GlaxoSmithKline may soon have a new market for its asthma drug Nucala (mepolizumab). The pharma giant says that their Phase III study of the drug for a rare disease characterized by inflammation of small blood vessel walls came through with flying colors.
Investigators at GSK, working with a team at the NIH, say the drug hit both co-primary endpoints as well as all secondary endpoints in their late-stage study of the drug in patients suffering from Eosinophilic Granulomatosis with Polyangiitis, or EGPA.
Nucala made its mark as one of the pioneering therapies to treat severe asthma by targeting blood eosinophils, a type of white blood cell that spurs the disease. And eosinophils also plays a key role in EGPA.
It’s no panacea for EGPA, but it’s much, much better than nothing. The 52-week study found that 28% of the 68 patients in the drug arm had the disease in remission for at least 24 weeks. Only 3% of the placebo arm hit that mark. And that number rose to 32% for the remission rate at 36 weeks and 48 weeks compared to 3% for the placebo.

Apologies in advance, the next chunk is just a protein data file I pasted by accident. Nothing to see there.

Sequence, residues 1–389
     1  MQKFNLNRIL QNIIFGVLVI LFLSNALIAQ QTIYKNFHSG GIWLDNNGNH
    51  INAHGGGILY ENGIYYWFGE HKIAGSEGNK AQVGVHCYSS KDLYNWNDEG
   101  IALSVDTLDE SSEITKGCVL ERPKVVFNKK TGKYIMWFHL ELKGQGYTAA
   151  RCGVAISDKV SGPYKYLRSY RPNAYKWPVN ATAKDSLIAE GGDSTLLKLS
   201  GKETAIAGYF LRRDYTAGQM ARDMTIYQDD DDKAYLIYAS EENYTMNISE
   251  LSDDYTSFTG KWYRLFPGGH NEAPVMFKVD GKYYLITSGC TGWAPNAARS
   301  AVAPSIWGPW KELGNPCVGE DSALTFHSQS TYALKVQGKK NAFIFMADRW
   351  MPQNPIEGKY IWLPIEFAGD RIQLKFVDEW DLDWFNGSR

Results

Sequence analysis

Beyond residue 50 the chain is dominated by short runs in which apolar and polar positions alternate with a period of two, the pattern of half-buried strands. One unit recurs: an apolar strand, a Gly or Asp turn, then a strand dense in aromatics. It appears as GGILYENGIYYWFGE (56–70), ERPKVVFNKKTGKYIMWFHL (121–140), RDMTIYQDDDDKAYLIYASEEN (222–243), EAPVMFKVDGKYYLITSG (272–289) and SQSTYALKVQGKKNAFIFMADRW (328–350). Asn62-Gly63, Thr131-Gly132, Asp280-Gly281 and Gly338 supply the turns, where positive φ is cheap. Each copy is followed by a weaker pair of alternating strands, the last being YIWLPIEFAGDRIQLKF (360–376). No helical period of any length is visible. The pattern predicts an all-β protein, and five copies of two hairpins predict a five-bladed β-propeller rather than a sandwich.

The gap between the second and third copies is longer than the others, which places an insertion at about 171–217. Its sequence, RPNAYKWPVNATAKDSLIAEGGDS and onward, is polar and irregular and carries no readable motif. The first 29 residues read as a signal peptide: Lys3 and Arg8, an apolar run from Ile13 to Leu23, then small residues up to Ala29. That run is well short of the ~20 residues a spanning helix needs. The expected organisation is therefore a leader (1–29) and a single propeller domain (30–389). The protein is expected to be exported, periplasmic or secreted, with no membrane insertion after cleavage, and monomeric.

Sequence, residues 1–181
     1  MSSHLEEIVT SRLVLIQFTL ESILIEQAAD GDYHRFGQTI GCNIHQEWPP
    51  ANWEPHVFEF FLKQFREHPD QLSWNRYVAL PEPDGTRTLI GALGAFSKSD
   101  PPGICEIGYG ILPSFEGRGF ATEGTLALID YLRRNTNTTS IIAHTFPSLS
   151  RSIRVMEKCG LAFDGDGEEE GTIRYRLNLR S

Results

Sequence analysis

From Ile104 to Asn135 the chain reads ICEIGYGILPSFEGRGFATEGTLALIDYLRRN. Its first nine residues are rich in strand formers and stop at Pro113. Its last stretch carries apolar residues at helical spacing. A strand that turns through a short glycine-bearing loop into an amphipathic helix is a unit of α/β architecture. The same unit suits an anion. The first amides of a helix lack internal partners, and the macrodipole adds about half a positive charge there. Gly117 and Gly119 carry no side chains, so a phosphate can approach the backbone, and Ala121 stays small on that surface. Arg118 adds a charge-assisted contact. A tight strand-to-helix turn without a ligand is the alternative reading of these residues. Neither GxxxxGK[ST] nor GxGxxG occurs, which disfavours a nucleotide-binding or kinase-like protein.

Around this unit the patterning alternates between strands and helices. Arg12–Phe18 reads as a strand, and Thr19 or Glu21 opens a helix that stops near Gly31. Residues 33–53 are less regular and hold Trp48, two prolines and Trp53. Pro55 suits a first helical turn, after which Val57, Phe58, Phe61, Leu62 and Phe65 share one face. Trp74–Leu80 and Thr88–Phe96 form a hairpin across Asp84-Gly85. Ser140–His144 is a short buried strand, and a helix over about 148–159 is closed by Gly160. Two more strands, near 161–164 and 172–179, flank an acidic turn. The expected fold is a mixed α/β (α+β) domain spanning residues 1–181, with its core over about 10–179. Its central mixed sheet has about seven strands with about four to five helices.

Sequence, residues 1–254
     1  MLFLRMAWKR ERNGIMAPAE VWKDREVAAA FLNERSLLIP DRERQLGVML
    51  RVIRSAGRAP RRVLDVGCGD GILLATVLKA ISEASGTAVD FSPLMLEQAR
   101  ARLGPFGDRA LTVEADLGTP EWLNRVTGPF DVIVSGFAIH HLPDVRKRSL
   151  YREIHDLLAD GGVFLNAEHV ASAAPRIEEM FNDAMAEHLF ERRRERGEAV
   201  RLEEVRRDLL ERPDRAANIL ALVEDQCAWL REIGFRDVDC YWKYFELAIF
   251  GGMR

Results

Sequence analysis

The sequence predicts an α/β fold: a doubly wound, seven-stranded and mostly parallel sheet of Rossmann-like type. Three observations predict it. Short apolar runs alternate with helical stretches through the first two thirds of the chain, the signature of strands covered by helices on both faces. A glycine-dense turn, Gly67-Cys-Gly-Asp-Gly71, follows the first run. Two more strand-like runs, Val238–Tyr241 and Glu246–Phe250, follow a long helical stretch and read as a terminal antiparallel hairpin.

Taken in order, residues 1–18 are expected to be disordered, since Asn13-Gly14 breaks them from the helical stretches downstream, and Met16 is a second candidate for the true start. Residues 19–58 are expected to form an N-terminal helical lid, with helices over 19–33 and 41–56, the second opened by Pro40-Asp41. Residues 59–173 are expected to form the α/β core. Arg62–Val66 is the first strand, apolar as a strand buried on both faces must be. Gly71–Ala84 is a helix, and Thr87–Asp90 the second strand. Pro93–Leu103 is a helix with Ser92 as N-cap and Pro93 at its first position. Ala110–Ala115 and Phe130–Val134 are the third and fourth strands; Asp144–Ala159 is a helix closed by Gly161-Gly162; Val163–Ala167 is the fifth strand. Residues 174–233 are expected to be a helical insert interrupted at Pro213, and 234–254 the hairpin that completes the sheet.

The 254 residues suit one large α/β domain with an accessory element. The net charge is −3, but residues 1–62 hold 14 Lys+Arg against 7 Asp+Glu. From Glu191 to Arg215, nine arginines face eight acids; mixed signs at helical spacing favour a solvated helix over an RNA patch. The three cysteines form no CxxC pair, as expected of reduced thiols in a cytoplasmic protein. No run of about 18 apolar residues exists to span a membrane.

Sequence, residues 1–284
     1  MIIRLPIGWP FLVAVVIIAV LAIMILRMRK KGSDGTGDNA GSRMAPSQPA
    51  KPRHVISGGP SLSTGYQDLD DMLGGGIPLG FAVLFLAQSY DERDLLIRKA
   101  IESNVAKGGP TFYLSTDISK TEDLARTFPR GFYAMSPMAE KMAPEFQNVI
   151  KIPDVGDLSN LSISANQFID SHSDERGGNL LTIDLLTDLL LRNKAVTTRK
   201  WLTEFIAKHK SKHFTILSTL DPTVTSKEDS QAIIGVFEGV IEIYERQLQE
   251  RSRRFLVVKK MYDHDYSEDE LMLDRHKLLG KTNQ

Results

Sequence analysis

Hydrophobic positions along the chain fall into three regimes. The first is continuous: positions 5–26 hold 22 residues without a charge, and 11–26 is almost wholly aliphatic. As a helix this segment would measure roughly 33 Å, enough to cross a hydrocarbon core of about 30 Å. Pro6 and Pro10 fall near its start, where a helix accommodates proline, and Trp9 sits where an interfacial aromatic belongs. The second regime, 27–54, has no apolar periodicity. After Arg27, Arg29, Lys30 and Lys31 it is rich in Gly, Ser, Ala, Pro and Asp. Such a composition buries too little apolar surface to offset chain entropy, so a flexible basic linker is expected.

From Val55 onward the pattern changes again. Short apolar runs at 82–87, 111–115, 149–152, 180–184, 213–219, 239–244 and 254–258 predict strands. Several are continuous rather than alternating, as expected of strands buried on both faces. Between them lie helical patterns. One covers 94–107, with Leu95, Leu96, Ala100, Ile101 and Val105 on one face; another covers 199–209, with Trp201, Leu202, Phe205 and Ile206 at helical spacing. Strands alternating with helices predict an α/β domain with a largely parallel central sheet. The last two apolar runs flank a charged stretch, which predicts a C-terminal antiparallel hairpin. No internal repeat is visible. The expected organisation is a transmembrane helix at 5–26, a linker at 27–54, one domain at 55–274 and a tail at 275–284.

Now GSK, which needs as many new drug approvals and market expansions as it can get, is headed to regulators with the numbers.
Steve Yancey, GSK’s team leader on mepolizumab, said:
“We are very pleased to observe the positive benefits of treatment with mepolizumab across several clinically relevant measures in this first ever double-blind, placebo-controlled study in patients with Eosinophilic Granulomatosis with Polyangiitis. Given that patients with this rare systemic inflammatory disease have limited treatment options, these results represent a significant step forward in our efforts to help them. We now look forward to progressing our regulatory submission plans.”
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